EMDR and Sexual Assault, continued

One of the saddest things to me, especially when it happens in Christian circles, is that victims of sexual assault are told to just be quiet, not say anything, especially don’t get the police involved because that would hurt the testimony of the church, and bring shame to the name of Christ.  Where is the concern and compassion for the victim? In my opinion, the real shame here is hiding the truth until it is found, often many years later, and paints ALL of Christianity with a very black brush.

Sexual assault is, in my mind, the most personal crime there is.  It is invasive at every level:  Physically, emotionally, mentally, and spiritually.  The victim is made to feel like the criminal (“What were you wearing?  Was it short/tight/revealing? Were you flirting? Why were you in a situation that could lead to rape? Did you scream?  Did you fight back?  We don’t see any marks or bruises, no buttons ripped off your blouse. Are you sure you’re not just trying to pay him back for dumping you?”) and sometimes the police interrogation and legal process are excruciatingly painful for the victim, while the perpetrator is seen as something of a hero.  Go figure.  I’ll surely never understand it.

So. Our miserable rape or other sexual assault victim has trauma at every level, and has very little help from friends, family, church, or society.  I’m working with a woman who was first molested as a little girl, by her sister’s husband. She was not helped in any way. The attitude was pretty much “just suck it up now and get on with your life. Don’t talk about it any more and eventually you’ll forget it.”

Wrong, so wrong. Her greatest need was to tell what happened over and over; to tell it to someone who was not judging her or accusing her.  So we’re doing that now, using EMDR, and she’s amazed at how much  of what happened is coming up as she retells the story.

One of the reasons EMDR is useful is that the client is in a very relaxed mode while “seeing” the incident mentally. My favorite tool is not the traditional moving back and forth of my hand while the client watches my hand without moving her head.  I find that people can develop migraines, if they are plagued with that horrible tendency.  Some become dizzy and uncomfortable.  Instead, I use a cool little device I call my tappers. The client holds a small disk in each hand. The disks are connected by wires to a small box that I control.  It sends a vibration alternately to each disk and establishes a very calming rhythm.  When I turn the tappers on, the client’s eyes are closed and she is “seeing” the event as if she were watching a movie.  When I turn the tappers off, my client relates what was just seen.  This process continues until the event has been completely relived.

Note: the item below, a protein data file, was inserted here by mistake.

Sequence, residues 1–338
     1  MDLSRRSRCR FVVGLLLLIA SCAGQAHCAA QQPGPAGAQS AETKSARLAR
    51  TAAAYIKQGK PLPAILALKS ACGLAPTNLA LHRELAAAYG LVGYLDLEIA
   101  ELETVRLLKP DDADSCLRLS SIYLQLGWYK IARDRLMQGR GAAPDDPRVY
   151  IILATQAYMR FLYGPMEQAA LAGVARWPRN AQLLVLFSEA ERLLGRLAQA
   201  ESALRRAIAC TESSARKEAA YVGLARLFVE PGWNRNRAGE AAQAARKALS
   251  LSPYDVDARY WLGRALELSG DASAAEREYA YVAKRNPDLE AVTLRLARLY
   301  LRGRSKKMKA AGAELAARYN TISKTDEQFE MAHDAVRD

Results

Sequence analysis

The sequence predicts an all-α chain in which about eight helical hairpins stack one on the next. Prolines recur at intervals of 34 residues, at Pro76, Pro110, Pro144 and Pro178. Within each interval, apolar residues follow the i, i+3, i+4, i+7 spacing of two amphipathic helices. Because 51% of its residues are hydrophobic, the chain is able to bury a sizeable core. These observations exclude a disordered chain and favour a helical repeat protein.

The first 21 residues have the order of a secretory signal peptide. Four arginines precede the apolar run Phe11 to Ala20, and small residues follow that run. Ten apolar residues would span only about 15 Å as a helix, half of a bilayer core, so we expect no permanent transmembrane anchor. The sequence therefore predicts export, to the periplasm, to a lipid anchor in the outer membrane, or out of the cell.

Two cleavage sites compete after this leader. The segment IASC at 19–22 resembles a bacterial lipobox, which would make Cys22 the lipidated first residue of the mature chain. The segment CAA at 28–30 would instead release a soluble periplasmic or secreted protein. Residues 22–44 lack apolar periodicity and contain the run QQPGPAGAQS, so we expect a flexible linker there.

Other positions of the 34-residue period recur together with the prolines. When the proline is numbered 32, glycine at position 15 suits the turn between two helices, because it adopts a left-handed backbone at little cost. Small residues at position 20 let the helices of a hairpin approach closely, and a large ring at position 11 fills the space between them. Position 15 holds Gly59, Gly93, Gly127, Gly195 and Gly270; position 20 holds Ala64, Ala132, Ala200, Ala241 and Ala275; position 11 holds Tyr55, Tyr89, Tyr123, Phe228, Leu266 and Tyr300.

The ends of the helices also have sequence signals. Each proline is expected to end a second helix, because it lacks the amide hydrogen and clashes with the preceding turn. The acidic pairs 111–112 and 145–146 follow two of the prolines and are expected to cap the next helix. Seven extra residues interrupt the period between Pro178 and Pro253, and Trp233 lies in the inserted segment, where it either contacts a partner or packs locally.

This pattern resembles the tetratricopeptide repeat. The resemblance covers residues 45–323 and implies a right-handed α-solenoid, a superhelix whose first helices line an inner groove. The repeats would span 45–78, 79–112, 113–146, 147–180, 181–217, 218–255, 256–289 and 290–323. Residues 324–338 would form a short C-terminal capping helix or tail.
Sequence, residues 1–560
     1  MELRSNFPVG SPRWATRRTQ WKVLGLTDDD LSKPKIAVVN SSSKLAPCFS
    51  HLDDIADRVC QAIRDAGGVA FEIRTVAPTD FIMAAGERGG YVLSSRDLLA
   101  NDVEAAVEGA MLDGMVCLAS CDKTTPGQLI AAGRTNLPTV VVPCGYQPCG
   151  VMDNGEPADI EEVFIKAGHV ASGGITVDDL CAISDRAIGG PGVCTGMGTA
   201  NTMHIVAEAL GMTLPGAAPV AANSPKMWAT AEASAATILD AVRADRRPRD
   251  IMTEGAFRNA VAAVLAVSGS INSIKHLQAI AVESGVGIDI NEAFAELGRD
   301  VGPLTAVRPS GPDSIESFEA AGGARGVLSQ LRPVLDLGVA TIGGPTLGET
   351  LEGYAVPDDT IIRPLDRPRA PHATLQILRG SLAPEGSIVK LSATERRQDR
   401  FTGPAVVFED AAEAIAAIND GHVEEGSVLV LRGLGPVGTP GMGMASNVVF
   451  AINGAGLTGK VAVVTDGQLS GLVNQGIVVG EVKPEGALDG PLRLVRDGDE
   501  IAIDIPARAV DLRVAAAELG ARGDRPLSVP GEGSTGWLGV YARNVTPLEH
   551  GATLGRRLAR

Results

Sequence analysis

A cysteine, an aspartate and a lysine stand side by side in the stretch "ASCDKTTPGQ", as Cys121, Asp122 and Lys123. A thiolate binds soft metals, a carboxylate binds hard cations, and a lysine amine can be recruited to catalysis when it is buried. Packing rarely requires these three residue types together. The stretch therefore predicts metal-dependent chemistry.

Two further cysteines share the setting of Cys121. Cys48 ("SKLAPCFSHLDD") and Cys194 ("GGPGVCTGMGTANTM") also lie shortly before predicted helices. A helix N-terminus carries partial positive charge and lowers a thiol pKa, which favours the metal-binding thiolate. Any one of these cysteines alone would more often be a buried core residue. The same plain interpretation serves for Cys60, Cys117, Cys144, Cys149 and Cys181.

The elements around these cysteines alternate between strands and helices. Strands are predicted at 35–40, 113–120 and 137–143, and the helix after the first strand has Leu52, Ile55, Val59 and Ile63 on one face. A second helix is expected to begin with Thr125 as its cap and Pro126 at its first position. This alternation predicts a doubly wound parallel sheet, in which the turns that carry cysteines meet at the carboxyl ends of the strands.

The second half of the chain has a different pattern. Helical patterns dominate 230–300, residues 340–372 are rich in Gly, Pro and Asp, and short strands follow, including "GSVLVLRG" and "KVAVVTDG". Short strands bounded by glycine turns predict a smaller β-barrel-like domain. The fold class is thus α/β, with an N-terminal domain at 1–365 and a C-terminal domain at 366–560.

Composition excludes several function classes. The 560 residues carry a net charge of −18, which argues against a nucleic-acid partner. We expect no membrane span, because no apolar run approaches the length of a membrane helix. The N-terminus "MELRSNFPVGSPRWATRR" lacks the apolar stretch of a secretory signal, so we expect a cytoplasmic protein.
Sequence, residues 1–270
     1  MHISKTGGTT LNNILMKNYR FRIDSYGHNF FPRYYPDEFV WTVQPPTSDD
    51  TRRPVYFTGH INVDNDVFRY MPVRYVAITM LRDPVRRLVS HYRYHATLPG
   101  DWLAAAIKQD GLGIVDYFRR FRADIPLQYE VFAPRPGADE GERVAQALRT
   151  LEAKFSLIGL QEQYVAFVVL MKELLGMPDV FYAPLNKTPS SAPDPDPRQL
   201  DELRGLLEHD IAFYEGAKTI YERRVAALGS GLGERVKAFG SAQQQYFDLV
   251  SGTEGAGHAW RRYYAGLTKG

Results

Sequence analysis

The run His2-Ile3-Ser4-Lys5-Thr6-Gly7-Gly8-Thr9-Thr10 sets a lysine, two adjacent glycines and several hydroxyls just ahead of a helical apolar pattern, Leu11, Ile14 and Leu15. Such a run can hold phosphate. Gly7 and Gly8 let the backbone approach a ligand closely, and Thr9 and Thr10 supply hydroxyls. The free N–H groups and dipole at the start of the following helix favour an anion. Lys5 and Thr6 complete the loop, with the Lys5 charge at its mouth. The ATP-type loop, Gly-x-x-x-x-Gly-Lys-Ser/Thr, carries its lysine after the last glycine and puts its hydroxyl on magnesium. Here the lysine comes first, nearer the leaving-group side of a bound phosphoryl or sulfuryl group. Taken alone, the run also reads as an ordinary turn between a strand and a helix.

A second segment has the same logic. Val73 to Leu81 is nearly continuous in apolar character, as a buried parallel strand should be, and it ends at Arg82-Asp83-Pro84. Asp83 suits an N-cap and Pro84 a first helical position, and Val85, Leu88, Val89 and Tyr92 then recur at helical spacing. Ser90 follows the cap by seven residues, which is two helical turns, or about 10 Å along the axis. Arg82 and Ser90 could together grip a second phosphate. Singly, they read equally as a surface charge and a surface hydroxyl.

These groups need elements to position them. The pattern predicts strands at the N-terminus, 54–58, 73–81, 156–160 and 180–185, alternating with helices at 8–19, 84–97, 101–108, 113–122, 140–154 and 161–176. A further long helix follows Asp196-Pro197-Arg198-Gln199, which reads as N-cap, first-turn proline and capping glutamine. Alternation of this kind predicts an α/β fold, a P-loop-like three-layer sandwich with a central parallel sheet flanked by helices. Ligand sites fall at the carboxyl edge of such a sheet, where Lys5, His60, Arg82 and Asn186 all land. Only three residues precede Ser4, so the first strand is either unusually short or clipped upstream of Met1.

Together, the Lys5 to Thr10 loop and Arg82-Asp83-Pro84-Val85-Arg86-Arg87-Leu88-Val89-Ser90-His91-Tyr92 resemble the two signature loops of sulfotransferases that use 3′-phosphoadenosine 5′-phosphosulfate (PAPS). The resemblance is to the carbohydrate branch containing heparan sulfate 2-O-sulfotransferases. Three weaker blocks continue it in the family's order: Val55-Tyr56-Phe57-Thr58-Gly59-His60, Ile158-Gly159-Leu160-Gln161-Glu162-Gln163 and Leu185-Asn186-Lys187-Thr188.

We use a couple of scales to measure emotional and cognitive response to the process.  We don’t stop repeating the story until no more new information comes up, and both scales reach a final number. By that time, the client is typically so relieved and free of all the misery  that she is more than willing to tackle a different situation on her way to putting PTSD behind her.

Of course, what I’ve shared with you here is a very simplified description of a rather complex process

You can find certified providers of EMDR at http://www.emdria.org and following the search options. One of the things I like best about this process is that there are no pills.  The pain of the event is resolved not with psychopharm, but with facing the situation and repeating it over and over in a relaxed and safe setting.

I was looking at a video several days ago about treatment for soldiers who suffer from PTSD. It wasn’t EMDR, but the process was very similar.  Group sessions were held in which each veteran was asked to tell his story in as much detail as he could recall.  Painful, frightening?  Yes, at first. But with the repeated retelling, a measure of peace was found.

It takes a lot of courage to talk about what happened. In sexual assault cases, it takes a special kind of courage because the victim has been revictimized so often by our tendency to minimize the crime and maximize the blame onto the victim.

Next week, because of  some feedback I’ve received, I want to do a post on male victims of sexual assault and how it affects them both differently and the same as it does for women.

One thought on “EMDR and Sexual Assault, continued

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